Installing WordPress is only half a battle won and setting up your WordPress for the win is the next half.
Having said that, setting up your WordPress dashboard doesn’t have to be that hard.
In fact, I’ll share the exact checklist I used to set up my portfolio of 10+ blogs.
With this out of the way, all you’ve to do next is add content and publish articles that rank.
Important Things to Do After Installing WordPress?
1) Familiarize yourself with the WordPress dashboard
The WordPress dashboard is basically the control panel for your website.
From here, you can create posts, manage comments, publish your articles, and much more. To access the WordPress dashboard, simply add “/wp-admin” at the end of your website’s URL.
This will lead you to the login page of WordPress where you can enter your credentials to access the dashboard.
Here is a quick overview of what you can access from the menu:
- Posts: Access the blog posts you write/publish
- Media: Allows you to upload or manage the media files to your blog
- Pages: Same as posts but generally used to publish static pages of your website. This includes the contact page, about page, and other sections that do not undergo frequent changes
- Comments: Allows you to manage and post replies to comments on your blog posts
- Appearance: This is one of the important options on the dashboard. It allows you to install themes on your website and personalize them based on your preference
- Plugins: The USP of WordPress. You can choose from thousands of plugins to do tasks like optimizing your blog posts for SEO, compressing image files, cloaking affiliate links amongst others, and much more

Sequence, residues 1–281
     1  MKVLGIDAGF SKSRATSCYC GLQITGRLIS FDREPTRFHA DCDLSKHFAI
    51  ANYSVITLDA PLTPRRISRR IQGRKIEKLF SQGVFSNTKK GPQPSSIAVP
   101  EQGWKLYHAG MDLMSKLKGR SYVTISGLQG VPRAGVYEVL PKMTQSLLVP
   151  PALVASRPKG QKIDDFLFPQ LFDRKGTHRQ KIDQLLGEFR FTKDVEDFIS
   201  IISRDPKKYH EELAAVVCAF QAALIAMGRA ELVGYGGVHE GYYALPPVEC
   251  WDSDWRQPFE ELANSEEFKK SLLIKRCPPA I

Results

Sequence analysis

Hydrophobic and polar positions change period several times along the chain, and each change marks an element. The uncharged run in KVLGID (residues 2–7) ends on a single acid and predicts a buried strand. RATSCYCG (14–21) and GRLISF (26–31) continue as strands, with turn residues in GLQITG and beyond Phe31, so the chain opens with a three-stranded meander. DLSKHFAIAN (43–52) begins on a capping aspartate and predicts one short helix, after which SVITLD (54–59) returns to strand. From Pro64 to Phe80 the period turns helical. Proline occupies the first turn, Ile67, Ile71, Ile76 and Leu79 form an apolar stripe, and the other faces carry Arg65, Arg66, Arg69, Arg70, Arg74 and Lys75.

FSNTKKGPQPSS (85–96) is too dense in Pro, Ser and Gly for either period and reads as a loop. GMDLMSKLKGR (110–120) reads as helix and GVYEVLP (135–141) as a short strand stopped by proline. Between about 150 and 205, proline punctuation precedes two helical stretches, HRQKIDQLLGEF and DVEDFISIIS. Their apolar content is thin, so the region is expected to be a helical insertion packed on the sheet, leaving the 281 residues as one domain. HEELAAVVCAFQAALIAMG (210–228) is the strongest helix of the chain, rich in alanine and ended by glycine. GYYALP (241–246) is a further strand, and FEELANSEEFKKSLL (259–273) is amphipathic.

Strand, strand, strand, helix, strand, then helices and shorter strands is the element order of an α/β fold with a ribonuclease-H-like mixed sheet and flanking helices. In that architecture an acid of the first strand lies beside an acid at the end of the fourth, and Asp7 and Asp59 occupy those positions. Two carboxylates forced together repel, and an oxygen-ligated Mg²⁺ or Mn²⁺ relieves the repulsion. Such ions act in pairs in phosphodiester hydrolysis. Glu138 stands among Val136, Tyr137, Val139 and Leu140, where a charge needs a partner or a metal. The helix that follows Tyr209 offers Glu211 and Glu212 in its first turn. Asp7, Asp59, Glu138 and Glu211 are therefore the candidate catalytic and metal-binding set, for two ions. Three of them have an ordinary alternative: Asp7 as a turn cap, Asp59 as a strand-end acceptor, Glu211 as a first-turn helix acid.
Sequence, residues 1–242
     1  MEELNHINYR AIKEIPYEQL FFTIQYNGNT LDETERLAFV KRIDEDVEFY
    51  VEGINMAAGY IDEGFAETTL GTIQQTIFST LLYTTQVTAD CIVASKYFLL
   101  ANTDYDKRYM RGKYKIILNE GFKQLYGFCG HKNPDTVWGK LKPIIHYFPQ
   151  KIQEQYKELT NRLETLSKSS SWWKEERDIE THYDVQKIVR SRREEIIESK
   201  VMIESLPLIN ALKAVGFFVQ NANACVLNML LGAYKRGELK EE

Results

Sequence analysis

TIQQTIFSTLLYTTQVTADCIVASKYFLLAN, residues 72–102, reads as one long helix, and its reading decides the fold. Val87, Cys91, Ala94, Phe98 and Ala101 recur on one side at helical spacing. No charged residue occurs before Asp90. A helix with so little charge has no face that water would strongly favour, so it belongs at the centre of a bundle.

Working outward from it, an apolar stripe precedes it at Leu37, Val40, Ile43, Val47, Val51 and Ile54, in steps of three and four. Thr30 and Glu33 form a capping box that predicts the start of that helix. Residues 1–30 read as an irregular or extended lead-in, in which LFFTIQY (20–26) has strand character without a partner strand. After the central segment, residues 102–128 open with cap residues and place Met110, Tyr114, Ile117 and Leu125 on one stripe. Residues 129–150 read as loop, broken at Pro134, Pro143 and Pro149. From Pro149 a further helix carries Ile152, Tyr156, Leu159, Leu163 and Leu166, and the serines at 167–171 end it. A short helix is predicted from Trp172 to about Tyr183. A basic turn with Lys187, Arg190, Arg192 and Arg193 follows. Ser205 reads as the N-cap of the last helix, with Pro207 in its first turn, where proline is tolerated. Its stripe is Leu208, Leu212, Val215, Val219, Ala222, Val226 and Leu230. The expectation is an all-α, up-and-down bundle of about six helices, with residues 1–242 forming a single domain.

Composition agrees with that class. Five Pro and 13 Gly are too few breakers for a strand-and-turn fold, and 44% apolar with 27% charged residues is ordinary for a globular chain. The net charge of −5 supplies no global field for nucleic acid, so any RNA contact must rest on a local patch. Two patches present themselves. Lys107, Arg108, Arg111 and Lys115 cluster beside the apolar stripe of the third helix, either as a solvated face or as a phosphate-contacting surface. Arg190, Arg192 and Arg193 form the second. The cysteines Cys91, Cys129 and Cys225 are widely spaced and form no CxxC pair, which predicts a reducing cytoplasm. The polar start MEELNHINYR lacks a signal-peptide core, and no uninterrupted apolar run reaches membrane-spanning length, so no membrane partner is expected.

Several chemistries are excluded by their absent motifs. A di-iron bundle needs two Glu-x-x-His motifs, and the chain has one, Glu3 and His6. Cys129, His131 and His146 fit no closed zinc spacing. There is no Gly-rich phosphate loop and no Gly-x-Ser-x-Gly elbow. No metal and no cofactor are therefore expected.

- Settings: Allows you to control your website and make it accessible for search engines, set up permalinks, writing settings etc. We will talk about it later in the article
2) Update your website’s title, tagline, and timezone
The first thing to do is to change the website’s title and tagline. This is important information about your site that appears when someone searches your site on search engines, on your readers’ browser tab or on social media (when your homepage link is shared).
- Your site’s title is your site’s name, and
- Your site’s tagline is a small catchy line that describes what your site is about.
For example, this site’s name is “Bluehost Tutorials” and the tagline is “WordPress Hosting & Domains”.
Here’s how to edit these:
- Go to the dashboard, click on the “Settings” section and then select the “General” option
- Update your site’s title and tagline into relevant ones
- While you are on the same page, consider updating your site’s address, date and time format (these appear as metadata of your posts giving users an idea about when a post/comment or content is published/updated on your blog
Check out the example screenshot below and replace everything according to your website’s attributes.
3) Manage WordPress Comments Settings